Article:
Slowly the unusual pair made their way through the fallen rocks and trees until they arrived at a clearing with a small stream. Ryan drank from the cold, clear water. He then washed his face and then turned to talk to his friend. However, the baby ‘something-or-other’ had wandered away and was busily eating. Ryan walked over to see what his friend had found.
“You’re eating the flowers!” exclaimed Ryan. “People don’t eat flowers.”
His friend stopped eating, looked up, and smiled.
“You’re enjoying them, aren’t you?” Ryan added. The smile grew wider and the long eyelashes fluttered.
“Well, I suppose it is all right, as you’re obviously not ‘People’. I wonder what you really are, perhaps someone in the village will know. What shall I call you? I am called Ryan and you should have a name. Now, let me think. You have long eyelashes and a very big smile so you must be a girl! You eat flowers.
I could call you Flora. No, it doesn’t suit you. Petal? No! Blossom? No! I suppose, as you like to eat daisies too I should really call you Daisy.
Yes, that’s it, Daisy!”
The ‘something-or-other’ stopped eating, turned, smiled again and Ryan knew that he had chosen the right name. They now continued their journey as Ryan and Daisy, an unusual two-some.
Meanwhile, having been told by Ryan’s parents of his absence, the villagers set out to search for the missing lad. They split into pairs and one pair noticed the bushes moving a short distance away. To their amazement, a gruesome creature appeared with the missing lad on its back.
“The fierce creature has captured Ryan and is taking him to its lair,” whispered one to the other.
“I’ll go and get help,” said the other. “Follow them but leave a trail so that we will be able to find you.”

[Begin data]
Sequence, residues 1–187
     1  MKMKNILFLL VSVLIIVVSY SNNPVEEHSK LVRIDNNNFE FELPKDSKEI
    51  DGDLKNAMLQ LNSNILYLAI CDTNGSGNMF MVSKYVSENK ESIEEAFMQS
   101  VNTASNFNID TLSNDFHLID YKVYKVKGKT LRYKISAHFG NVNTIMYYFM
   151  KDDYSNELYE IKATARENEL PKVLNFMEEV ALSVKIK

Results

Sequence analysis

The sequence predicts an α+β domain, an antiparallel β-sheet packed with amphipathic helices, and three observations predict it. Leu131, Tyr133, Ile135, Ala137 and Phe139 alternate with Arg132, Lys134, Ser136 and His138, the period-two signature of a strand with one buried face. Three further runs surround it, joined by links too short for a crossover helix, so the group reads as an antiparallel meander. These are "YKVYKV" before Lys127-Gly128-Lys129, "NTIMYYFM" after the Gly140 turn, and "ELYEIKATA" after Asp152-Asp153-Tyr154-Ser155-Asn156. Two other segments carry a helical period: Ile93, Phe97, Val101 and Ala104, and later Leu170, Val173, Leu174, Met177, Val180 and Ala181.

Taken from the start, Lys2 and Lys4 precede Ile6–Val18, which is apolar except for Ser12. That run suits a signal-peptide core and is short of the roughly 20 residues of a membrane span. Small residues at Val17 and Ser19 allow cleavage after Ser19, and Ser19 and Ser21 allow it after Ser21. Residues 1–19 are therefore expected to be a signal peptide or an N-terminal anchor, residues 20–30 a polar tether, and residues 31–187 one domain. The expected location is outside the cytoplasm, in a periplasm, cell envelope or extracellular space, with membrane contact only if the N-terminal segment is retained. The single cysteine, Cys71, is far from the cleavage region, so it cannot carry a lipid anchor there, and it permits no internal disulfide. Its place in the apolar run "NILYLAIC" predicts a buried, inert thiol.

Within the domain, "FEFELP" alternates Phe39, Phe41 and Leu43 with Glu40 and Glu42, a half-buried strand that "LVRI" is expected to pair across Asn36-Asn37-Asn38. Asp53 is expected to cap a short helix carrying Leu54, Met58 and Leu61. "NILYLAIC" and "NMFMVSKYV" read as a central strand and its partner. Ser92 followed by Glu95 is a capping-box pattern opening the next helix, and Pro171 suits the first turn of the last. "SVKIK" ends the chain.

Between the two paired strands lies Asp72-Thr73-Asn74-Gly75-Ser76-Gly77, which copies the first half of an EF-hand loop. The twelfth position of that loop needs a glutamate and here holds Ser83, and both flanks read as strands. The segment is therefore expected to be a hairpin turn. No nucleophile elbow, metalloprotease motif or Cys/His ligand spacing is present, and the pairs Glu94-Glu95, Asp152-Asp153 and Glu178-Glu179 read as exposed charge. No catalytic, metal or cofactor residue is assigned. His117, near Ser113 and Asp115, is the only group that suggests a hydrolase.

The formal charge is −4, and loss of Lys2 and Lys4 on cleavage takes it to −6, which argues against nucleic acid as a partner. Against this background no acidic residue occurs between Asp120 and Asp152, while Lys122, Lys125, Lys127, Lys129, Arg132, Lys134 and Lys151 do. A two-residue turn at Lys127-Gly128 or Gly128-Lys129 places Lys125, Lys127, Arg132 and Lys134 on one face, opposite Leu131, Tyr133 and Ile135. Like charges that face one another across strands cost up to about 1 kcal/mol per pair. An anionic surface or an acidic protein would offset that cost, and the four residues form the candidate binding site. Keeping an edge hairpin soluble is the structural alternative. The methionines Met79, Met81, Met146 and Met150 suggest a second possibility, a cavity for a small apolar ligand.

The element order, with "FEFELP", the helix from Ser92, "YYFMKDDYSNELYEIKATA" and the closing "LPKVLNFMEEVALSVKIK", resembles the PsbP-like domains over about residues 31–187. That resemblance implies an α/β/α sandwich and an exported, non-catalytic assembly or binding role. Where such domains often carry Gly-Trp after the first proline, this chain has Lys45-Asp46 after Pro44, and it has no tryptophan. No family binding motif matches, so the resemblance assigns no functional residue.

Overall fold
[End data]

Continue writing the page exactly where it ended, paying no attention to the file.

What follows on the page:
As he ran back to the village, he shouted out to attract attention and, very soon, a large group of villagers were discussing how they could rescue him. Within minutes most of the village had returned and suddenly someone shouted out: “Monster! Look out there’s a monster coming!”
Sure enough, in the distance something long, slow and covered in scales was wobbling its way towards the group. It was Daisy and Ryan! The crowd turned to face the threat with fear in their eyes but Ryan quickly called out that he was safe and that this was no monster that he was riding on. It was Daisy, a friendly baby who had kept him warm throughout the cold night and had now brought him safely to them.
The villagers were still wary, even when Ryan slid from Daisy’s back and rushed to his parents. They cowered back as she sat down and moved her head from side-to-side to get a closer look at them. Then they almost died of fright when, in smiling, her lips exposed two rows of large, sharp teeth. Three of the men went to a cart and searched through their books to find out what this strange creature called Daisy really was. They returned a little later.